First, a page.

>I suspect that there is a real reason that certain towers never get hit,
>and others get hit all the time.
Certainly, but possibly not the reason that you may believe.
>Remember the story I told about my 70 ft tower at K4VDL topped by a 33'
>vertical that was never hit and a 12 foot mimosa tree 70 feet away
>converted to toothpicks by a strike. Do folks *really* want to ascribe
>that to random behavior? By some opinions here, the tower should have
>been 100 feet more attractive than the mimosa.
More attractive, certainly. But it was not the only target.
How may times had that mimosa tree been struck before? What is the
ground conductivity like near the tree, as compared to near the tower?
>My elmer was the head engineer at WCTT (AM & low end of the band).
>Lessons were at the transmitter house out at a place lovingly called
>"the swamp". I think the tower was 450 foot or so quarter wave. Also
>think the swamp was 10% copper. Many summer nights watched the lightning
>gap at the bottom of the tower arc with an almost metronome regularity.
>Now and then lightning would hit the top of the tower and throw sparkles
>fifty feet from the gap balls. The gap balls got quite pitted and had to
>be replaced a couple times a summer. Lightning never took transmitter
>off the air while I was there.
>*HOW* do both stories fit under the same theory?
What other tall objects were near that tower?
>My own personal >*guess*< is that towers gain strike attractiveness in a
>manner proportional to their height. On the other hand, effective
>bleeding of charge in the region, by points, beams, whatever, creates a
>*fixed* deterence to strikes, the bled-off zone of ionization, whose
>extent is limited by laws of physics. This fixed deterence will balance
>an attractiveness which then equates to a certain height. Above this
>height, the attraction less deterence is still attractive, and strikes
>will jump the bled-off zone anyway.
There are megajoules of energy in a lightning strike. It is unlikely
that any tower (regardless of how many ionization points you put up)
is going to be able to bleed off the resulting energy.
The lightning does not travel straight towards the earth, nor do the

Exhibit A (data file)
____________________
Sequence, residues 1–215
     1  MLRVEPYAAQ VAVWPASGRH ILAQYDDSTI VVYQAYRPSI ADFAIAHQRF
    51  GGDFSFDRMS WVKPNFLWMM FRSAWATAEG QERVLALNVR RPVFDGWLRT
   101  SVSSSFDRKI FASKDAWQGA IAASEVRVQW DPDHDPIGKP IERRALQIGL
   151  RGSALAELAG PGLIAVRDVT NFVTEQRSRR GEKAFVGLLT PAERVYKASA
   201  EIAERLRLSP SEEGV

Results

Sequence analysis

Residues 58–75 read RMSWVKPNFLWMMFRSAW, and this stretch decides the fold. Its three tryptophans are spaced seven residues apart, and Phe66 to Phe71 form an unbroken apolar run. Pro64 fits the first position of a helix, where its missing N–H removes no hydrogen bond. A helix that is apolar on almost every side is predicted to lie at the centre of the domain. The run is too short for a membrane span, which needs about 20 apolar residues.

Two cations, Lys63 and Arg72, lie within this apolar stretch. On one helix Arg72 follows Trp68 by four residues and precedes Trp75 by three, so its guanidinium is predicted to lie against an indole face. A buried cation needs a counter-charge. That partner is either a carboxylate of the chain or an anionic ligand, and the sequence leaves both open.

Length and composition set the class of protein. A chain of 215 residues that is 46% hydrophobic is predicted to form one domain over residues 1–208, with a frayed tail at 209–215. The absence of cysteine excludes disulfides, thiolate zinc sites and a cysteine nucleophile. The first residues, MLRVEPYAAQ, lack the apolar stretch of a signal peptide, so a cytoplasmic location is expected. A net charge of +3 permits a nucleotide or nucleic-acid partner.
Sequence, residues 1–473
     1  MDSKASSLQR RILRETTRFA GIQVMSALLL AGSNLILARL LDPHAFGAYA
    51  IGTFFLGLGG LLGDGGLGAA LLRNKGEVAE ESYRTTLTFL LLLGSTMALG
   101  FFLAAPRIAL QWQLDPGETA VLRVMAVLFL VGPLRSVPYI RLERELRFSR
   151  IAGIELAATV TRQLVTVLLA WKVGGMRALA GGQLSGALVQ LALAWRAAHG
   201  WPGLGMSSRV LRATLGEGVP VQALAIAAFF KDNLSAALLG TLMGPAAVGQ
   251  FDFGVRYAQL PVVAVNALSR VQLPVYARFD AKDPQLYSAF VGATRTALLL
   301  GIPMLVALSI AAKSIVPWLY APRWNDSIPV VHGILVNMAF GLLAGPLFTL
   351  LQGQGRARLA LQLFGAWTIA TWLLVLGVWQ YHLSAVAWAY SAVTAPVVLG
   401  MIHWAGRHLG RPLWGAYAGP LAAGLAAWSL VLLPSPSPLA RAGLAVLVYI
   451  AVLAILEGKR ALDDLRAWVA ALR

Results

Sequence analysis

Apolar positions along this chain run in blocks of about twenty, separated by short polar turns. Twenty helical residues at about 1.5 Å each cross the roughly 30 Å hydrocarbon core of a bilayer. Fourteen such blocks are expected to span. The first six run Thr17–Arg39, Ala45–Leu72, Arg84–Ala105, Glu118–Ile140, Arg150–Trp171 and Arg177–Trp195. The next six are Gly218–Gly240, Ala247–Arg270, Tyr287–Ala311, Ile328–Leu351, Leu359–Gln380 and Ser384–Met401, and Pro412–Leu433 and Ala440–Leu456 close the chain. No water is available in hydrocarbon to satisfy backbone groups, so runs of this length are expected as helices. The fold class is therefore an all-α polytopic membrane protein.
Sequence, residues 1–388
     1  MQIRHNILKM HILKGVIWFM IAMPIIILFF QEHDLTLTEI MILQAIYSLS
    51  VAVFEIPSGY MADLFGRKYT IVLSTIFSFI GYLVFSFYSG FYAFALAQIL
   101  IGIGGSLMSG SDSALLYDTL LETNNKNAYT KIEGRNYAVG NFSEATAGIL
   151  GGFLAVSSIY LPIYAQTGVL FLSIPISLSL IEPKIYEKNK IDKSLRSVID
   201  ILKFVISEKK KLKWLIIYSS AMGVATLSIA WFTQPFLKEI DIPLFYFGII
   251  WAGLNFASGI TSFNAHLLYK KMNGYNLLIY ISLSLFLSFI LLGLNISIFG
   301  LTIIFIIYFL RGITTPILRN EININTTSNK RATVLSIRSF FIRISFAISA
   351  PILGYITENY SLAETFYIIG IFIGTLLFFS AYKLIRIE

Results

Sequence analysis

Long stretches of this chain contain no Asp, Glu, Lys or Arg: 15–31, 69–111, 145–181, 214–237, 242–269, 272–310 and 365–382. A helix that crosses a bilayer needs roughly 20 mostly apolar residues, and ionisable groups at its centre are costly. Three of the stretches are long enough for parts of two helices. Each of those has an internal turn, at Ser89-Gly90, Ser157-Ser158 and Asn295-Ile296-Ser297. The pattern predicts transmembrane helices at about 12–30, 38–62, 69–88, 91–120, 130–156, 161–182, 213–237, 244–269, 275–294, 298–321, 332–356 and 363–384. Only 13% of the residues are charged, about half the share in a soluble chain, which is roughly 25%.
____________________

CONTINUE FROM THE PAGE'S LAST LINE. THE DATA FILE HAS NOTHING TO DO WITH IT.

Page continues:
leaders from the earth travel straight up towards the cloud. The jumps
are in steps (this the term "step leader"), anywhere from about 50
feet to about 150 ft. Each step can be in any direction, but the
steps from the clouds are downwards - sometimes at right angles to
the previous step. At this junction, another step will often form
(higher ionization) - and it will step towards the earth as well.
Now, this new step might become stronger than the previous step,
which might even die out completely.
The steps are by the lowest impedance path towards ground, for
each step. So the leader from the clouds might have been heading
toward the tower - then encountered a higher impedance (maybe due
to air density or even a area of lower ionization in the air). The
result could be a new leader forming away from the tower, but still
at several hundred feet. This new leader could encounter the upward
step leader from the tree - before it encountered the one from the
>The WCTT tower was way over this height, and the K4VDL tower was below.
>I would speculate that a porcupine works FB under this height, and gets
>blown into lethal darts above this height (someone else's story). It
>would also say that lightning rods work fine on barns and houses, and
>get melted above the critical height.
The higher tower is just more likely to be have step leaders that will
intersect the step leaders from the cloud as they try to find ground.
For your shorter tower, it is only a couple of steps from tower height
to the ground. Maybe the step leader from the clouds was well away
from the tower in the direction of the tree. There is nothing in
physics that says cloud leaders must form over the tallest conductor,
or head towards them. Ever see a cloud to ground strike that was at
about a 45 degree angle to vertical? I have.
>In the fireball story I told, where lightning came in the telephone
>line, he *did* have a small tower & a beam, which was not struck. He was
>on a mild knob with flat area around, and the knob took a lot of
>strikes. Why not his tower? This would fit with the theory above.
Maybe his tower did, and he didn't know it? Maybe the lowest impedance
path to ground, near the tower, was not through the tower - but directly
Maybe he has been lucky enough that the leaders from the clouds have
been a fair distance horizontally from the tower when nearing the earth.
>If the theory is true, I sure would like to know what the balance height
>is, or what it depends on. It's above 100 feet and below 450 feet.
>I also would *guess* that ground conditions underneath the tower could
>raise or lower this height, and so could local geographic features, such
>as the ridge in one account. A local ridge would raise the critical
>height in an adjoining valley. Being on an isolated knob in otherwise
>flat territory would lower the critical height.
It would certainly have an effect. But none of them ensure that any
given object will be stuck - or not struck. There are an infinite number
of paths that any given discharge can follow. The laws of probability
apply - there is no certainty.
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